Asian American and Pacific Islander (AAPI) immigrants now have an easily available tool to help them vote this presidential election. Its name is VoterVOX, and it is an app that the online advocacy organization 18MillionRising.org launched today (September 27). 

The app works by connecting multilingual AAPI volunteers with AAPI registered voters who have limited English proficiency. The volunteer meets with the voter to explain their ballot. The volunteer can also upload translated material (like voting and ballot information) to the app for other users to read and build on. The main point of the app is not the uploaded material, which 18MillionRising doesn't fact check, but the in-person interaction between voter and volunteers who can answer basic questions.*

“Our goal is to make our democracy accessible to every voter, in every language” said Cayden Mak, the organization’s executive director, in a statement sent to Colorlines. “There is a critical translation need that isn’t being met by our current institutions and infrastructure, and too many Asian-American immigrant voters are in essence being disenfranchised. VoterVOX helps ensure that everyone who wants to vote has the ability to cast a ballot.”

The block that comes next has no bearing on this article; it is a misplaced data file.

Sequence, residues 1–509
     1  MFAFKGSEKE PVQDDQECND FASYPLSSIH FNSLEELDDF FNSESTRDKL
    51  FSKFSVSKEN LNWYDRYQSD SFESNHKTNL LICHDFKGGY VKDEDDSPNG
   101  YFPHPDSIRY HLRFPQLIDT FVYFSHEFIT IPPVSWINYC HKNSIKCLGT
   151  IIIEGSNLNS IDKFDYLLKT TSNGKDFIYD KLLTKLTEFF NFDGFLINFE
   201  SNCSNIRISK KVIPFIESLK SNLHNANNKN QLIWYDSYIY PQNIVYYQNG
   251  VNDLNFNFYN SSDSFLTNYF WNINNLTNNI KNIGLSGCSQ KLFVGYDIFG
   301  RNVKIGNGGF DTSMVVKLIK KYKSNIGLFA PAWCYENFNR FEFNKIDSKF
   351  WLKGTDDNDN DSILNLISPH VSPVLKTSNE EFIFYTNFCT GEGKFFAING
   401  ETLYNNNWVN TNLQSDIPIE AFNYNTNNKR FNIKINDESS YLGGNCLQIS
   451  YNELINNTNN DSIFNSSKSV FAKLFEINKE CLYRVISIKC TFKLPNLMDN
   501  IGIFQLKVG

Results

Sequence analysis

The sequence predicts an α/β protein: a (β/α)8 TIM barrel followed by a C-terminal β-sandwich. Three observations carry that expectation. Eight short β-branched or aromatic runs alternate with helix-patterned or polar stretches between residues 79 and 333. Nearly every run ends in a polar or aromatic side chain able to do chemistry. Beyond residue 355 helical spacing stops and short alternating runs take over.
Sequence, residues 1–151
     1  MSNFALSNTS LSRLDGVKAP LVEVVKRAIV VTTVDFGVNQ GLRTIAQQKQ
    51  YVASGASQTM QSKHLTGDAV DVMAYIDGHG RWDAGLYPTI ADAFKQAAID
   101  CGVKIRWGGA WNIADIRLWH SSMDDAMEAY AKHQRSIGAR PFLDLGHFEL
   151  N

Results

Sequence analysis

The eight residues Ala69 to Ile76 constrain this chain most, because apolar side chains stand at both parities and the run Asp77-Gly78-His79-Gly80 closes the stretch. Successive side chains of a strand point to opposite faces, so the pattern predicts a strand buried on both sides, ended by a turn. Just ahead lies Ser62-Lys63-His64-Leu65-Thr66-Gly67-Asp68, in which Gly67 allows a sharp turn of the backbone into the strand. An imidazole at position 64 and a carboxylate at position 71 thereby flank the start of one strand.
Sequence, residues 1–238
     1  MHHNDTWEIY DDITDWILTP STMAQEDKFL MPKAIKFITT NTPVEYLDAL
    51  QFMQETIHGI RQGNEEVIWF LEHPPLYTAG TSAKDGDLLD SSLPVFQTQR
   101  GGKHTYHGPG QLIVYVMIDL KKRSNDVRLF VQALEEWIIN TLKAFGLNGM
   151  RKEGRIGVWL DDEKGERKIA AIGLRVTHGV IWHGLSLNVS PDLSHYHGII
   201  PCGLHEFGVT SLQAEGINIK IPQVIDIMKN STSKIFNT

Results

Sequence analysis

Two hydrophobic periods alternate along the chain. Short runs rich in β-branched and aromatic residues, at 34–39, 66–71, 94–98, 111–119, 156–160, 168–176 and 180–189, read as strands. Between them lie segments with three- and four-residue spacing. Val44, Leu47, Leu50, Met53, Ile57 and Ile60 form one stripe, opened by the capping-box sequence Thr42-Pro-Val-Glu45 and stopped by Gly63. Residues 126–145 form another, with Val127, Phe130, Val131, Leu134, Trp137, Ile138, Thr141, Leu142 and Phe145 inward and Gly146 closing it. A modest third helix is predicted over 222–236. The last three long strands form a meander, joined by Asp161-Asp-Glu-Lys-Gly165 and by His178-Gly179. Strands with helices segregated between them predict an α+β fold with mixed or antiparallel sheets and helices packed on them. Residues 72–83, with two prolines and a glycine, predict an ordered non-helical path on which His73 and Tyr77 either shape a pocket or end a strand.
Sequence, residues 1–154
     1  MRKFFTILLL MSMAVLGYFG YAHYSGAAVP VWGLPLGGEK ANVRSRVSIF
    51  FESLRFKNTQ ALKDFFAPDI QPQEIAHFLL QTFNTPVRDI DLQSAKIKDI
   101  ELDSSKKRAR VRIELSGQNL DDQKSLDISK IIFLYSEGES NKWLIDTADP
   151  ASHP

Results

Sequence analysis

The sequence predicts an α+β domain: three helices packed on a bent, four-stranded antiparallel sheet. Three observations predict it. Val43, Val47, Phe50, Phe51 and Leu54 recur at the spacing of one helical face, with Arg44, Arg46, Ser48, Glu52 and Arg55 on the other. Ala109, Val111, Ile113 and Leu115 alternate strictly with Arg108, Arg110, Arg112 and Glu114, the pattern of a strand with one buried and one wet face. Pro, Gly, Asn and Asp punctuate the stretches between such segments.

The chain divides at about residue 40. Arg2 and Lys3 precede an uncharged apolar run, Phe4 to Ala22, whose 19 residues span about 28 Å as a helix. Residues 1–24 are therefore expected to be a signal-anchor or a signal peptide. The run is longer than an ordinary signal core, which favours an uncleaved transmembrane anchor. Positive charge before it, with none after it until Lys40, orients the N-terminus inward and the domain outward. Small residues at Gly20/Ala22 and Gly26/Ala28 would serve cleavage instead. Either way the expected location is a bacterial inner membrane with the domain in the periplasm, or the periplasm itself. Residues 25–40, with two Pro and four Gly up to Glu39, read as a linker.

18MillionRising.org is anticipating that the app will serve 1,000 voters in Minnesota and 1,500 in California. This is a small portion of the more than 20 million Asian- Americans who call the U.S. home, but it is a step—especially given the 100+ languages and dialects AAPI people speak. The app will also offer other languages like Spanish and Arabic.*

A statement sent to Colorlines read:

Two-thirds of the AAPI electorate are immigrants, and AAPI voters are three times more likely than Latin[x]s to report that language barriers prevented them from voting. According to National Asian American Survey data, 77 percent of those voters say they would use in-language tools, if they could get them, when they register to vote or cast a ballot.

This group of Americans had the lowest voter turnout rate in the 2012 presidential election—47 percent—but they’ve been working to increase it. Since 2012, 60 percent of new Asian voters were immigrants who naturalized to vote, according to the Pew Research Center, helping this year’s election to become the most diverse in U.S. history.

 

*Post has been updated since publication for clarity.